Booker CEO Charles Wilson this week said the dominance of supermarket was waning amid the changing global economy and food markets.
Delivering the annual City Food Lecture at the Guildhall in the City of London, he told an invited audience, including HRH Princess Anne, that while for decades supermarkets had suited the way people lived and preferred to shop, they now faced multiple challenges from local stores, to eating out and online.
“At the same time we are seeing production pressures, with changing weather patterns, water shortages/flooding and increasing energy demands. Add in the technology changes and 2013 will be remembered as the year when the first beef burger was grown in a petri dish and Christmas 2013 will be remembered as the online Christmas when dot coms accounted for the majority of retail growth. Combined these forces are changing the global grocery market.”
He pointed out that the UK wasn’t immune to the changes. “After 60 years of strong supermarket growth, we have seen the sector slow down,” he added, pointing to the IGD’s estimates of moderate growth of 8% for supermarkets hypermarkets, yet strong increases for discounters at 65% growth – a figure he believes is an underestimate, convenience growth of 29% and out of home 18%.
“The multiple grocers are attempting to play in these higher growth sectors, but it is not easy for them.”
Wilson also pointed to the premium market doing well with M amp;S Food and Waitrose seeing good returns. “This shift to premium is seeing new formats to emerge. The size of these sectors is poorly defined, but we see customers prospering. We supply one thousand farmer market customers, two thousand farm shops and thousands of delis. These sectors appear to be flourishing. The consumer can re-connect with the producer, obtaining outstanding quality and value. We are also serving more nutri-specialists who will design a diet plan for your needs and deliver it to your home. Customised diet solutions appear to be booming. All these sectors are growing faster than supermarkets.”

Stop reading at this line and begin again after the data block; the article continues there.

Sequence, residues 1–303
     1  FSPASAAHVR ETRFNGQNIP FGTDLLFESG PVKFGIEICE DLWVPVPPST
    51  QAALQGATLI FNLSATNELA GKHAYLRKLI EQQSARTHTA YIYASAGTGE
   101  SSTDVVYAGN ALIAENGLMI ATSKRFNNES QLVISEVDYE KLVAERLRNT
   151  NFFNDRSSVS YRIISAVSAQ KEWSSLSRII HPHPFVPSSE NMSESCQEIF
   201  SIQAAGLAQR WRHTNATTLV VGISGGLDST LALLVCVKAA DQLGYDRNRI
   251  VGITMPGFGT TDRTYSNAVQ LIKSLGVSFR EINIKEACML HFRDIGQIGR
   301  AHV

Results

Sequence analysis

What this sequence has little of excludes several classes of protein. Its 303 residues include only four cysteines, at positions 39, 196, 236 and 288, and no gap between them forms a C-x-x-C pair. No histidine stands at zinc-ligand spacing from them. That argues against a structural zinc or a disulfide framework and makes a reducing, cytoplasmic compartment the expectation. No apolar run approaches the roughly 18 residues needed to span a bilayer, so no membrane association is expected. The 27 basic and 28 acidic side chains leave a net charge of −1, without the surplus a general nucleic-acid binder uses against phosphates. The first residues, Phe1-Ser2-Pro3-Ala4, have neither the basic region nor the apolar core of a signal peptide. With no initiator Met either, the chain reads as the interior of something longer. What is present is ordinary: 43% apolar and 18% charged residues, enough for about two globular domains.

He added that technology was also opening up opportunities beyond supermarkets with new operators able to carry millions of lines compared to the 30,000 or so stocked in a typical supermarket.
“The combination of changing global food markets, the growth of foodservice, convenience, discount, new formats and online is putting a huge pressure on the supermarket model. Combined Tesco, Sainsbury’s, Morrisons and Asda have spent approximately £12bn of capital expenditure in the UK the past three years. Despite this, their combined market share has fallen by one percent and profits have dropped by circa £100m. The supermarket is an increasingly challenged economic model as the growth shifts elsewhere.”
Concluding that suppliers will “need to go where the growth is”, Wilson said they should put their best people, products and channel support into the growth areas of on-line, foodservice, convenience, discount, new formats and emerging countries.
“You must avoid being ‘ground down’ by the supermarkets for no growth,” he warned suppliers. “Suppliers will have to refine their trade strategies, but the rewards will be substantial as there is plenty of growth outside the supermarkets.”